At the end of November, 899 Utah homes and businesses were awaiting the installation of their primary telephones - the first phone, not a second line - after asking US WEST for it.

An exhibit that the company submitted to the Utah Public Service Commission adds that of these, 126 have been waiting for more than 60 days. A total of 477 had waited a month or longer (including the figure for two months).The exhibit, submitted during a PSC status conference on Tuesday, shows that another 538 were awaiting a telephone that was not the primary one.

While the delays can be painful to those needing a phone, US WEST pointed out that 94 percent got their telephones when they asked for them.

Trying to improve service, the PSC asked US WEST, the Division of Public Utilities and the Committee of Consumer Services to submit proposed formal standards on phone installation.

The proposed standards are to be in the hands of the commissioners by Feb. 10, said PSC chairman Stephen F. Mecham.

After that, the PSC will hold a formal hearing on the proposals, "and establish formal standards and hold the company accountable to those," he said.

Until now, no such standards have been in place, largely because the utility was able to get phones installed promptly. "There have been very few held orders up until the last two years," Mecham said.

"Clearly there have been some," during that time. But the "hold orders" - that is, delays in delivering services - weren't such a big problem until explosive growth hit US WEST at the same time as the company launched a major initiative to improve service.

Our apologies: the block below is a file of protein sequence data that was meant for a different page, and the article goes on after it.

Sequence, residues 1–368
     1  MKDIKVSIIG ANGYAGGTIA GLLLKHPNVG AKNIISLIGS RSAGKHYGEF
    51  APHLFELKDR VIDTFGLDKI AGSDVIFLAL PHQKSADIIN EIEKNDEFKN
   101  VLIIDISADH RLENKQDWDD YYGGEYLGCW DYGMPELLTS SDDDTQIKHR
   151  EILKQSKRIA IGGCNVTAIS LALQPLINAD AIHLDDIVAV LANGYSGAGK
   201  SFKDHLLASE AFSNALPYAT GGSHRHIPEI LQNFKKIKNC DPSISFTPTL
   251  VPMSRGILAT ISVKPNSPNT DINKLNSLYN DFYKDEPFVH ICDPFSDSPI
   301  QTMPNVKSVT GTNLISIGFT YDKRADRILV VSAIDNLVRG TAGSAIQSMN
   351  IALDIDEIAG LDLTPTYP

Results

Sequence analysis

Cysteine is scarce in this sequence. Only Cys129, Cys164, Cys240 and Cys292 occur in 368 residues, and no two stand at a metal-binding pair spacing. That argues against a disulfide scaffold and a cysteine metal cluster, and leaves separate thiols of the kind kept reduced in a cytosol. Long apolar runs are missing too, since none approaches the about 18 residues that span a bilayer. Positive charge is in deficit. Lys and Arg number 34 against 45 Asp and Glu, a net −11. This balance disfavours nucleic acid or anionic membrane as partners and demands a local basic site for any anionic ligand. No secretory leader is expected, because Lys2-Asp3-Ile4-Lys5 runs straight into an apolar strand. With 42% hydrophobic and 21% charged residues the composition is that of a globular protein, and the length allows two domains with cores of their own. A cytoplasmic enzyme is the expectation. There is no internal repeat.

While the "re-engineering" project closes small offices and opens larger centralized ones, response times is temporarily slowed.

"The trend is wrong and we've got to turn that around," Mecham said.

"It clearly is a problem and we can't allow it to go on, and frankly I think that the company here locally agrees with that."

US WEST understands that its present performance isn't adequate and has been cooperative with the PSC, he said.

"There's a pilot project going on, on quality of service." The project, reported recently in the Deseret News, offers financial assistance with using cellular phones, plus other options for those left without regular telephone service.

US WEST is formulating objectives about installing phones, he added. "That is precisely what I'm looking for," Mecham said.

After the hearing, the PSC will determine if the proposed standards are tough enough.

"I'm quite confident that this process we've set in motion is going to address the problem," the commission chairman added.

Duane Cooke, spokesman for US WEST, said that the company knows that in some respect service levels aren't where they need to be.

"We're taking steps in both the short term and the long term, to not only return service to customary levels but improve service. We are working cooperatively with regulators to set service standards based on valid customer requirements."

Cooke added that the vast majority of customers are receiving excellent service.

"Having said that, we acknowledge that there are problems and we're working to resolve those problems," he said.